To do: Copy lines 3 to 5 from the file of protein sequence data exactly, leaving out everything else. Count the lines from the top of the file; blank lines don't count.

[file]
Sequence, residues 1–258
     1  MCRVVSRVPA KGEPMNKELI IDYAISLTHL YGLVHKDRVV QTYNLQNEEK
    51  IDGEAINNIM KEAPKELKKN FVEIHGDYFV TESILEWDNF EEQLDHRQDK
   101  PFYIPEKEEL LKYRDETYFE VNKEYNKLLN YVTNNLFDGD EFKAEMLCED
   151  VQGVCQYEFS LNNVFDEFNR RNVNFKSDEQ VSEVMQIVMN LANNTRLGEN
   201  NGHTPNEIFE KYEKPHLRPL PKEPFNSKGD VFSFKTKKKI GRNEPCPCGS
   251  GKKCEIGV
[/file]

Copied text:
    51  IDGEAINNIM KEAPKELKKN FVEIHGDYFV TESILEWDNF EEQLDHRQDK
   101  PFYIPEKEEL LKYRDETYFE VNKEYNKLLN YVTNNLFDGD EFKAEMLCED
   151  VQGVCQYEFS LNNVFDEFNR RNVNFKSDEQ VSEVMQIVMN LANNTRLGEN